Saudis Counter Iran With Tougher Moves Against Safawi Proxies & Oil Price Defence.
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DUBAI - There is a double-edged war between Iran and a Saudi-led Arab alliance. At one edge, the war is direct and involves the price of crude oil which is falling and affects global petroleum. At the other edge, the fight is done by the proxies of the two adversaries - with Iran's Shi'ite theocracy represented by its external clients and the Saudi-led alliance involving mainly tribal forces and Shi'ite Arabs opposed to Safawism.
The oil price war is occasioned by a global glut in petroleum liquids and a resultant contango for Brent, a light/sweet grade of crude oil marking down the value of various types of world crudes (see over-leaf). But non-conventional petroleum is fighting back with new technologies hurting Iran and Russia (see ood4N-PetrmOct27-14).
The non-oil war of the Saudi-led alliance's proxies against Iran's reflects a much older and deeper racial conflict between the Arabs and the Persians than the 14-centuries-old Sunni-Shi'ite hostilities. Using logic based on factual and historical evidence, as well as giving generous financial aid and other incentives like tribal alliances (most Arab tribes have Sunni and Shi'ite branches), the Saudis have convinced the moderate and secular Shi'ite Arabs that the most basic element of the Safawi ideology has two objectives: to divide and then control the Arab society (made up of many religions & sects), and to destroy Islam which is more Arab than anything else.
Out-lining the contours of the confrontation, Saudi analysts stress that Islam was founded by the Arab Prophet Muhammad. Islam's divine script - the Qur'an - is written in the Arabic language. All the Muslim (Sunni & Shi'ite) faithful pray in Arabic.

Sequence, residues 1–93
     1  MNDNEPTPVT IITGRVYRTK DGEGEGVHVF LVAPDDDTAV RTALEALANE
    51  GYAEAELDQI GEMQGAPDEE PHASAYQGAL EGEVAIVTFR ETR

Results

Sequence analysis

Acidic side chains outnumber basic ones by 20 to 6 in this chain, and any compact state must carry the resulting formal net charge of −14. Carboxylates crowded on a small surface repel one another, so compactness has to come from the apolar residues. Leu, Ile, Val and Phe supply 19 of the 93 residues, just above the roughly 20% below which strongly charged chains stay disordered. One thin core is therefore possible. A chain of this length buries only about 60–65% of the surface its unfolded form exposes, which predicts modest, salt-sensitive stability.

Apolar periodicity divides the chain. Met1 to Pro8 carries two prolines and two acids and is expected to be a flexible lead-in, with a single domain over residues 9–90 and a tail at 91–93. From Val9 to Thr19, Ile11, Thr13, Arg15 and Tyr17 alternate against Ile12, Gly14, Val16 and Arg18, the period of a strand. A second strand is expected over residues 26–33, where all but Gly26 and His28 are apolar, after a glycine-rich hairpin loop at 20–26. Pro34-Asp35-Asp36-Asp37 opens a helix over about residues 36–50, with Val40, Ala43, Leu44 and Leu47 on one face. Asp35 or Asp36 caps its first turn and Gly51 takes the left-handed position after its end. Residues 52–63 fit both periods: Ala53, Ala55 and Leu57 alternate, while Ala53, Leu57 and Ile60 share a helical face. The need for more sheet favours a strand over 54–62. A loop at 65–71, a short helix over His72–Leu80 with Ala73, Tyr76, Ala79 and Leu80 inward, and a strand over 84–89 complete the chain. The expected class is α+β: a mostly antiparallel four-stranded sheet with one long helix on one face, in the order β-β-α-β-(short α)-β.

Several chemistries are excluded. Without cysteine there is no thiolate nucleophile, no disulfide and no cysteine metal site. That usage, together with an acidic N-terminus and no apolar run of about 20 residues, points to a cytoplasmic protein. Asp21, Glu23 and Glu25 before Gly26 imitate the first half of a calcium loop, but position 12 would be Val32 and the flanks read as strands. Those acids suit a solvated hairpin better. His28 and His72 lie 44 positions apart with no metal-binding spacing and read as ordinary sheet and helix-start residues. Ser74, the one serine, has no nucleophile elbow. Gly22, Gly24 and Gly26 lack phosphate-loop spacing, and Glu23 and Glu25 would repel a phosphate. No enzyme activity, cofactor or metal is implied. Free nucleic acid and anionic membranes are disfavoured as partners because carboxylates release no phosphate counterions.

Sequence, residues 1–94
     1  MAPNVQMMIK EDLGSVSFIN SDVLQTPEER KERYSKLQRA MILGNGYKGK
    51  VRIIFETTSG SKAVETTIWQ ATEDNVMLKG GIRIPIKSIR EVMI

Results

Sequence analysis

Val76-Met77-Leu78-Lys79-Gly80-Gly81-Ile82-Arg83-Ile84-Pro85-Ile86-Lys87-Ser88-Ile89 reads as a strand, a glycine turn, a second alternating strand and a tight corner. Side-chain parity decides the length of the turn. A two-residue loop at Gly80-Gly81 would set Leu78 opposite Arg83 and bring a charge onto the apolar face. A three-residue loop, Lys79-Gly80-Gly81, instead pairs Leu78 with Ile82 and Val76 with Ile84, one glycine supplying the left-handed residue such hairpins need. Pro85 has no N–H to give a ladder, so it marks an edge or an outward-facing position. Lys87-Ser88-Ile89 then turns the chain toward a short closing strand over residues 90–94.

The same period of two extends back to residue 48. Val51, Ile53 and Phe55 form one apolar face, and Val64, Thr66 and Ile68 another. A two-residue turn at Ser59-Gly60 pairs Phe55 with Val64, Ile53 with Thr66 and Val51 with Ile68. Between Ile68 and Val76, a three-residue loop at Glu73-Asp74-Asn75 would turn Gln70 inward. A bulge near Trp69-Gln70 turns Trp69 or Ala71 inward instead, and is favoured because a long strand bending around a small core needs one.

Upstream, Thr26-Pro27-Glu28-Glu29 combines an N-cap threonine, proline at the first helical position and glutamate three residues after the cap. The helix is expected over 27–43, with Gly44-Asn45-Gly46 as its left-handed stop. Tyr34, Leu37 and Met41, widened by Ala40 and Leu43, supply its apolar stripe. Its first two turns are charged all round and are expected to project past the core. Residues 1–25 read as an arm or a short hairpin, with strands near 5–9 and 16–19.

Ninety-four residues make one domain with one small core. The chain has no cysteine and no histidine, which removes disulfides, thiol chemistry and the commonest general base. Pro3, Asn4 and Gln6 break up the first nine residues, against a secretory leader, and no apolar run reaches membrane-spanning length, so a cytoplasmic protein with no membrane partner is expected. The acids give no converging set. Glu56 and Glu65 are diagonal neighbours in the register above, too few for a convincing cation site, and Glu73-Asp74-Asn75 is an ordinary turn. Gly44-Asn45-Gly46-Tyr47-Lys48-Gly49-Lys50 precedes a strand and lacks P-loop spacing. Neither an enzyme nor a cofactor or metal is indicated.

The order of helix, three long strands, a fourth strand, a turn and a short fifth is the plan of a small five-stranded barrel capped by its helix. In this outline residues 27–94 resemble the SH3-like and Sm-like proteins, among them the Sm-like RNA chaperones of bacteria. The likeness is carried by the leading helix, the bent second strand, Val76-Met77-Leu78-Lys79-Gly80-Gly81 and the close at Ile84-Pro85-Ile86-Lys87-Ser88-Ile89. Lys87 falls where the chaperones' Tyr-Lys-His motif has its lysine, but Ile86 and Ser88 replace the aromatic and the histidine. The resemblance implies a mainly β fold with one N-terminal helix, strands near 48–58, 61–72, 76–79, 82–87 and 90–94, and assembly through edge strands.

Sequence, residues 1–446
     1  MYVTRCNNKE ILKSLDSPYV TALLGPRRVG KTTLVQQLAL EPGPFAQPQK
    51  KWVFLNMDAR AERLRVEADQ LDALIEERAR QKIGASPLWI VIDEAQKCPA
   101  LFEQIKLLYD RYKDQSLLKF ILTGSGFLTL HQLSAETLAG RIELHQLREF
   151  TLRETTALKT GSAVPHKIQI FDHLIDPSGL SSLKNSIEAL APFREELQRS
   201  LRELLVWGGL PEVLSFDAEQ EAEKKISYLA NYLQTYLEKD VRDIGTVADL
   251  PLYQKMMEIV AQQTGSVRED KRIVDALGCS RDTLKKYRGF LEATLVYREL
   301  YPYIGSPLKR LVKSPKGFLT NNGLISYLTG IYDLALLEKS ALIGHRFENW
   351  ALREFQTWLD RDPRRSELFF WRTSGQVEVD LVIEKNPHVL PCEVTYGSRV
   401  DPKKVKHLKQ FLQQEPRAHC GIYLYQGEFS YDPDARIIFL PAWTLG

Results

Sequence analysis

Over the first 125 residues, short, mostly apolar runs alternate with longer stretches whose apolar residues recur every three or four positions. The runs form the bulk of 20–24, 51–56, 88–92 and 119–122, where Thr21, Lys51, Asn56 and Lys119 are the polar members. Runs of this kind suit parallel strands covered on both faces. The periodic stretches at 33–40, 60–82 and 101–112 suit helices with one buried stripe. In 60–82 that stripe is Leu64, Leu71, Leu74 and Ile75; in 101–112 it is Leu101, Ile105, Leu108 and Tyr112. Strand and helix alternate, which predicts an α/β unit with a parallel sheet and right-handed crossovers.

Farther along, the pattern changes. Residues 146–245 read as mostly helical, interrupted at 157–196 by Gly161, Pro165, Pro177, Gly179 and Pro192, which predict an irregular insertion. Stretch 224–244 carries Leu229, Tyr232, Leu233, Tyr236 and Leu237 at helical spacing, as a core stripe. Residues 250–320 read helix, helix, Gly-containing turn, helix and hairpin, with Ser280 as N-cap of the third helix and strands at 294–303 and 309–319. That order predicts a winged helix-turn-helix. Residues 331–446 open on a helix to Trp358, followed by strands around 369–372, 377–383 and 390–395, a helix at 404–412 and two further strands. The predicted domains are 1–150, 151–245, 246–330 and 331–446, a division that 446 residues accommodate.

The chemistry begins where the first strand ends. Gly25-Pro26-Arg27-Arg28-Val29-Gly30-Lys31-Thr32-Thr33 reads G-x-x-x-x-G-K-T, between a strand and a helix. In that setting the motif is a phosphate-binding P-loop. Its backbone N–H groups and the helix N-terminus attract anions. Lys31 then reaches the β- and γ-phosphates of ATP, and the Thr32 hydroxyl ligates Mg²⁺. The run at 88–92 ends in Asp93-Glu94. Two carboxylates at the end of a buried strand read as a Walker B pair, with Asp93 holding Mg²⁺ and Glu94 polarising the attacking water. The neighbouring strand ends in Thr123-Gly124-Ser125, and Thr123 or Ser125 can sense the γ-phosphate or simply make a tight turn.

Ideologically, these analysts claim, the Saudi-led camp already has won a part of the war - i.e., the Arab doze of the Safawi ideology. They say evidence of this lies in the public pronouncements of Najaf-based Grand Ayatullah Ali al-Sistani, who is the highest theological authority in Ja'fari (Twelver) Shi'ism - the official sect of Iran's theocracy and constituting the majority of Iraq's population.
The Ja'faris are the majority in Shi'ism. But the entire Shi'ite sect (which consists of many sub-sects like the Zaidis of Yemen, the Isma'ilis of the GME and other parts of the world, the Alawites of Syria and Turkey, the Druze of Lebanon, Syria and Israel; etc) accounts for 4-6% of the entire Muslim world of around 1.6bn people. The dominant majority - over 94% - of the Muslim world is Sunni.
Sistani and most other senior Ja'fari theologians belong to the quietist school in Shi'ism. Their most important base is Najaf, by far the most secret city as this is where the founding Imam, Ali ibn Abu-Taleb, died and was buried. Most of the Ja'fari theologians outside Iran are quietist. Almost all the top ayatullahs in Iran, even in Qom and Mashhad, are quietist.
Quietism is opposed to the concept of wilayat ul-faqih (WuF) which in Arabic means the rule of the chosen supreme guide (or jurisprudent) over the faithful - i.e., a theocracy. A survey made recently by a think-tank specialised in Islamic movements says about 85% of the entire Shi'ite society is opposed to the WuF concept.
This majority believes the 12th and last of the holiest imams - known as al-Mahdi - cannot be deputised by any of the sect's faithful who must await his return to Earth. In the meantime, according to the quietist school, they should abide by the law of their earthly ruler, whatever the ruler's religion. This was the practice for the Shi'ites under the rule of the Arab Umayad, Abbasid, and Fatimid, and Turkic Ottoman caliphates. (A caliph in Arabic means the successor of the Prophet Muhammad). The same applied to the Shi'ites living under Hindu or Mogul rule in India, for one example, under Byzantine (Christian) rule, or under Persian (Zoroastrian) rule.